With the discontinuation of the free hosting option by Crucial, I found myself in the market for web hosting. My needs have been to this date simple and very low end; I was using it to essentially serve a webpage with links to ways to get in touch with me. For this, migrating to Crucial’s paid service made little sense, as it would more than likely go underutilised.

Domain names and DNS

I’d previously transferred my domain name, tteoh.com, from name.com.au to Namecheap, who provided a free DNS service alongside their domain names. If your domain registrar does not provide a DNS service, they also offer a free DNS hosting option called FreeDNS, which I have used with a different domain.

Using FreeDNS was pretty straightforwards, and involved setting my nameservers according to the details at this page. My domain stayed at an INACTIVE status under Namecheap for a while, and only was fixed once I contacted support, here. The link to contact them is at the bottom of the page.

Github pages and git

I took my current predicament as an opportunity to transition to a new system based on Github pages as a hosting platform for a lightweight blog. It appears to be working pretty well so far (nice, fast, and reliable!).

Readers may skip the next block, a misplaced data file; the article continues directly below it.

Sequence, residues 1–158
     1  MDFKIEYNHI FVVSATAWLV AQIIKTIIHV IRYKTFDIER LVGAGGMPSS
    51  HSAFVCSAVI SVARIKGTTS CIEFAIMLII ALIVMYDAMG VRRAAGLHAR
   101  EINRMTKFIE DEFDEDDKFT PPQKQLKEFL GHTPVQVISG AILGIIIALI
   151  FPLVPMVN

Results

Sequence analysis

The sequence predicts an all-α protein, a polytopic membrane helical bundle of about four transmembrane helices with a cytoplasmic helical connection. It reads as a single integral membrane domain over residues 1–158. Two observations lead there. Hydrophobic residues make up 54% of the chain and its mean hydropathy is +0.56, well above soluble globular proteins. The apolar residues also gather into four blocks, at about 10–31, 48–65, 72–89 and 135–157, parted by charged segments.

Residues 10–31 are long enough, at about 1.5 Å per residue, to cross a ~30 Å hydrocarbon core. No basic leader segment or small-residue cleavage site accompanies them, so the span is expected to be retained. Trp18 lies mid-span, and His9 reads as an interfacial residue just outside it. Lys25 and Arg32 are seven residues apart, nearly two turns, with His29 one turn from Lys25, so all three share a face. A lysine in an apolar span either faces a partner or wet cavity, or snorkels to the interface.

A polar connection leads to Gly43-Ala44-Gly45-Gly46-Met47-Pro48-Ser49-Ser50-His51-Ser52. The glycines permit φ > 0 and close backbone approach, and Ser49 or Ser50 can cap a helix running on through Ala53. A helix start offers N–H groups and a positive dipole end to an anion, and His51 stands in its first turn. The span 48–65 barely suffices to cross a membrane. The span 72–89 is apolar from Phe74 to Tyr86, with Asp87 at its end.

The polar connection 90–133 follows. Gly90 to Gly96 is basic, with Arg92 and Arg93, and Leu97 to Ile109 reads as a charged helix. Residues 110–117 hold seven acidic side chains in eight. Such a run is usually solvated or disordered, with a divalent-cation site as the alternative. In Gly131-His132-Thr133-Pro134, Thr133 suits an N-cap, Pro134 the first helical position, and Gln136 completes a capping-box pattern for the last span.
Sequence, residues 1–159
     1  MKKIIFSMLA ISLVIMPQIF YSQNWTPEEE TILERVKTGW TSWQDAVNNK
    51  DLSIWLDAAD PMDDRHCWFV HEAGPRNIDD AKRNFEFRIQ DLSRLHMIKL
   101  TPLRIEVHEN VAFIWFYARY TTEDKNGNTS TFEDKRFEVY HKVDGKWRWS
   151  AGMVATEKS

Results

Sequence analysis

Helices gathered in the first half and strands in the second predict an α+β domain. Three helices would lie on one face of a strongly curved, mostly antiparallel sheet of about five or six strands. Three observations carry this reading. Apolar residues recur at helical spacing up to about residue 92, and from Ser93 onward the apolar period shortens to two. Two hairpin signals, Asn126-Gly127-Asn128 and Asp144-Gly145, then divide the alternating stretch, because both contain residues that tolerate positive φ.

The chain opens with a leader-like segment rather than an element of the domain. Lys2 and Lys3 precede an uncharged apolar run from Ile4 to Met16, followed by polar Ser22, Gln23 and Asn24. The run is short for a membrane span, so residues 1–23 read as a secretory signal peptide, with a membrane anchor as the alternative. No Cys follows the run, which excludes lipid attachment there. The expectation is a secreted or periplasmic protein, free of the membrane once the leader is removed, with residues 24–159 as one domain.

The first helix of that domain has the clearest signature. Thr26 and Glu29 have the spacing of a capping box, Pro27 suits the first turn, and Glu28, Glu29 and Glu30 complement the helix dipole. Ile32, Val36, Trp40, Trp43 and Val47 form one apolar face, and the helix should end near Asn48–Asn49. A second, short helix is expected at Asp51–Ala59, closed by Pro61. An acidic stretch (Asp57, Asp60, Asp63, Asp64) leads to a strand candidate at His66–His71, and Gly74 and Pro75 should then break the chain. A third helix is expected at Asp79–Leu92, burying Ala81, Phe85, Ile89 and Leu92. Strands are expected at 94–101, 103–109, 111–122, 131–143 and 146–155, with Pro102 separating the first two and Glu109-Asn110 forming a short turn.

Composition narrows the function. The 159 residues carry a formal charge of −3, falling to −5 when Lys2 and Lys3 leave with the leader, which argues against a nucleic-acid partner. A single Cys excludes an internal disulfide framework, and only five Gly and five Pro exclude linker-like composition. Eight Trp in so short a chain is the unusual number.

An added advantage of this system is the git backend, a distributed revision control system. While I won’t be using all its features, it does a really good job of pushing updates to files and has inbuilt version control, in the likely event that I break something.

Blogging with jekyll

Github pages works very well with and are powered by jekyll, a blog-aware static site generator. To use it, you work with text files on your computer and it runs it through a converter and renders out web-ready files. I’ve been meaning to try it out for a while now, but never really got around to it, in a manner of speaking; after all, everything was working just fine as it was, so why change?

There are some definite benefits to this system. Static sites require no processing of PHP and databases on the server side, unlike content management systems like Wordpress. You could even host processed jekyll files on an extremely basic web server or a file hosting service Dropbox if you wanted!